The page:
Candles are lit and dinner is ready: grilled eggplant and lemon, rice pilaf, and sautéed zucchini. Dave has set Pandora to the 70’s channel and The Band is singing “The Weight.” It is such a Stevie song, one I’ve heard him sing countless times, with Red and Phil at Trinity; with Dave in our basement; and with his sons, Christopher and Trevor, at Old Post Tavern and FTC. Although I’ve been fine all day, I'm weepy and snuffling into a tissue when Dave joins me at the table.
That’s how it’s been since Steve passed. To our amazement, we’re mostly okay, and then something will strike a chord, triggering a prickle in my nose and a flow of tears. Mostly, I don’t think our hearts are letting us feel fully what we’ve lost. For, from the time Steve was diagnosed with prostate cancer 15 years ago, I’ve worried who will Dave be without his brother?
In the early years of our marriage, Dave would sometimes retreat, face closed, his response to my inquiries always an unsatisfying, “I’m fine.” Casey has recently defined that as “Feelings Inside, Not Expressed,” and when I was younger, it made me crazy trying to figure out what was wrong. Once, I called Steve and asked, “Can you come play guitars with your brother, or take him out or something? I don’t know what’s up with him.”
“Is he pouting?” Steve said. “He always has.”
Wait. What? Dave has been declared a saint by many, and this was an insight I seized on with relief.
“Don’t worry about it,” Steve said. “Just the way he gets sometimes.”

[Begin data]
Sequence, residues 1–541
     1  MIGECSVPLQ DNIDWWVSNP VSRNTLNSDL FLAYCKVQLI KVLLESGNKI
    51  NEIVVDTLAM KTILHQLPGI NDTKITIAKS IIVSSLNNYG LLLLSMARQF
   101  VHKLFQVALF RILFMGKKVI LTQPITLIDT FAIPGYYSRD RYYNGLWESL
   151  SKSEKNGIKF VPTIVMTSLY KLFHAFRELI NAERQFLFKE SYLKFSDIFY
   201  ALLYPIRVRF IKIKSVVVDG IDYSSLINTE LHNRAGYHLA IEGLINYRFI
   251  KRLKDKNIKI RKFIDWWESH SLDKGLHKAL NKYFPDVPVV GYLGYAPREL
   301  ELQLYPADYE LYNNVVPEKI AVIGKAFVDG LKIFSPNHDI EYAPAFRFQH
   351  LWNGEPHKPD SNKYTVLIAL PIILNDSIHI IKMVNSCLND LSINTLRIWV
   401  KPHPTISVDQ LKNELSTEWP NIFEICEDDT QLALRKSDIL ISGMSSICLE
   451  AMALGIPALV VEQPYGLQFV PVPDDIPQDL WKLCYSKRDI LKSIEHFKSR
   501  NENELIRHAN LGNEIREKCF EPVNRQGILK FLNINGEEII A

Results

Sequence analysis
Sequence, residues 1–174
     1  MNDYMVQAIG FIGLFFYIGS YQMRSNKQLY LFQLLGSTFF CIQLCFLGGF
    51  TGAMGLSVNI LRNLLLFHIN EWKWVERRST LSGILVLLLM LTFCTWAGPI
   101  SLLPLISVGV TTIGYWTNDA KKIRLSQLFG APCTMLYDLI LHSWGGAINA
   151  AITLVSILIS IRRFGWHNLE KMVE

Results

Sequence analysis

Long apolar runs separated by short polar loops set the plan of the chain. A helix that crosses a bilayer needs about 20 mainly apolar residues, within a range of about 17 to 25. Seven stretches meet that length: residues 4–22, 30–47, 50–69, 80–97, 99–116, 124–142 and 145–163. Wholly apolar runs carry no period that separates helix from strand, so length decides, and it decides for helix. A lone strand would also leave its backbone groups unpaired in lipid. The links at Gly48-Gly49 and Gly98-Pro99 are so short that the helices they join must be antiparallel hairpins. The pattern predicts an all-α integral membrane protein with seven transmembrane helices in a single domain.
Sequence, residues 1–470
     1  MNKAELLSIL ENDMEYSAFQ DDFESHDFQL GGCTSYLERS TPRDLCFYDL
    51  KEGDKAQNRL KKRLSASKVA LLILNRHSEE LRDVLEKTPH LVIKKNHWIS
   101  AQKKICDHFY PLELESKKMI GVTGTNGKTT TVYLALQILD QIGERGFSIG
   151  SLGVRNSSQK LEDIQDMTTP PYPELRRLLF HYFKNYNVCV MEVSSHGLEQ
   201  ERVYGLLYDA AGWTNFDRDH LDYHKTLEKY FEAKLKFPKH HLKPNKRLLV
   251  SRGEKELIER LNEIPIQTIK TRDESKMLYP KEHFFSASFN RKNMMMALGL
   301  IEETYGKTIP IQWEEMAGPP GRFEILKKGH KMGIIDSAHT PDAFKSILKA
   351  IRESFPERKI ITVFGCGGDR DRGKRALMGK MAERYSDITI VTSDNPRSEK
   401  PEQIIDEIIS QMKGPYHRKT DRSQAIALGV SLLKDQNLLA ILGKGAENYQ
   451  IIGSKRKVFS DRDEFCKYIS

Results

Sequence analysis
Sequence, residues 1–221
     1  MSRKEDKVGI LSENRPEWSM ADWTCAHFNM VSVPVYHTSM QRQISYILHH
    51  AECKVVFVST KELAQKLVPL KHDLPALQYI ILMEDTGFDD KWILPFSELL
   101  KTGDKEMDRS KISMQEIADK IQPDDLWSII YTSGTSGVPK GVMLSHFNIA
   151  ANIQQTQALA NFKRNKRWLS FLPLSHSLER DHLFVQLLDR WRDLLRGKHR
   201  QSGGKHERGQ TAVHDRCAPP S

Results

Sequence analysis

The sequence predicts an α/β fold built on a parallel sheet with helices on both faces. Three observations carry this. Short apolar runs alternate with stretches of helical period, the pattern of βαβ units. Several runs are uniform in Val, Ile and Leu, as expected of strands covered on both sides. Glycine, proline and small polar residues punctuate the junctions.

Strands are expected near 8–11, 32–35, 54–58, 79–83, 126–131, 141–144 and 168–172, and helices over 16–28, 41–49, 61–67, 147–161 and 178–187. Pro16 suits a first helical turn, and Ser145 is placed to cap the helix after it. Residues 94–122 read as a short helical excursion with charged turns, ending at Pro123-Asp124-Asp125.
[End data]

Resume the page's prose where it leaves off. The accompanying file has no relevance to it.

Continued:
It wasn’t my fault! Such a burden lifted! I still wanted Steve to divert him, but I felt better. So there’s that too: what will I do without Steve?
As required of older brothers, when the boys were children, Steve tormented Dave, staking him out in the backyard, the unwilling cowboy captive to Steve’s victorious Indian. Unmoved by Dave’s wails of “Maaaaaa!” Steve would sit on his chest and say in a voice annoyingly calm, “Why are you crying? All you have to do is eat a spoonful of peanut butter, and I’ll let you go.”
Needless to say, Dave hated peanut butter.
But Steve was also his best friend and protector. “Do you have any idea how many fights I got into because of you?” he once said. Dave spoke with a stutter from the time he was four, a target for the mean kids who pounced on anyone with a frailty; Steve was three years older, and bound to defend him. As much as Steve-n’-Deb became one word, from the time Dave was born, so was Steve-n’-Dave.
When Steve and Deb started dating in their teens, they welcomed Dave as the third in their trio. Dave chuckles in recalling a beach picnic with the three of them and Steve Larrabee. “Deb had to go to the bathroom, so we built a sand toilet for her. ‘Don’t look!’ she said. So, nearby, we drew the outline of a door with a huge keyhole in the sand, and we boys stood, eyes peering down, hooting as if we were watching. Silly stuff.”
“I followed Steve everywhere,” Dave has said as we cuddle together with our memories, stories, and tears. “To the same high school, on dates with Deb, to Trinity, and to Eagle Hill.”
What will Dave do without his brother?